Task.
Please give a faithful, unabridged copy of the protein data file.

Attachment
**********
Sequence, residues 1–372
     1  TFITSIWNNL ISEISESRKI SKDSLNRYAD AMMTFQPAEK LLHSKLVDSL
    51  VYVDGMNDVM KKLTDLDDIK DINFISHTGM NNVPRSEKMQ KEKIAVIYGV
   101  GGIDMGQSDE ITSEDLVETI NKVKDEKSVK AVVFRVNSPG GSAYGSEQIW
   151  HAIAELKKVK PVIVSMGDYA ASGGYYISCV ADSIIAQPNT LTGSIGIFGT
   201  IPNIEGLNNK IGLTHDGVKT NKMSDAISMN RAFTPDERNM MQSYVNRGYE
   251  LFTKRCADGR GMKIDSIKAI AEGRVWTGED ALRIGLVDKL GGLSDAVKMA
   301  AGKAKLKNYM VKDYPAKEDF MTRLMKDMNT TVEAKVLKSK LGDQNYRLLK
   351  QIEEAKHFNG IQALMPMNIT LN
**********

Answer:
Sequence, residues 1–372
     1  TFITSIWNNL ISEISESRKI SKDSLNRYAD AMMTFQPAEK LLHSKLVDSL
    51  VYVDGMNDVM KKLTDLDDIK DINFISHTGM NNVPRSEKMQ KEKIAVIYGV
   101  GGIDMGQSDE ITSEDLVETI NKVKDEKSVK AVVFRVNSPG GSAYGSEQIW
   151  HAIAELKKVK PVIVSMGDYA ASGGYYISCV ADSIIAQPNT LTGSIGIFGT
   201  IPNIEGLNNK IGLTHDGVKT NKMSDAISMN RAFTPDERNM MQSYVNRGYE
   251  LFTKRCADGR GMKIDSIKAI AEGRVWTGED ALRIGLVDKL GGLSDAVKMA
   301  AGKAKLKNYM VKDYPAKEDF MTRLMKDMNT TVEAKVLKSK LGDQNYRLLK
   351  QIEEAKHFNG IQALMPMNIT LN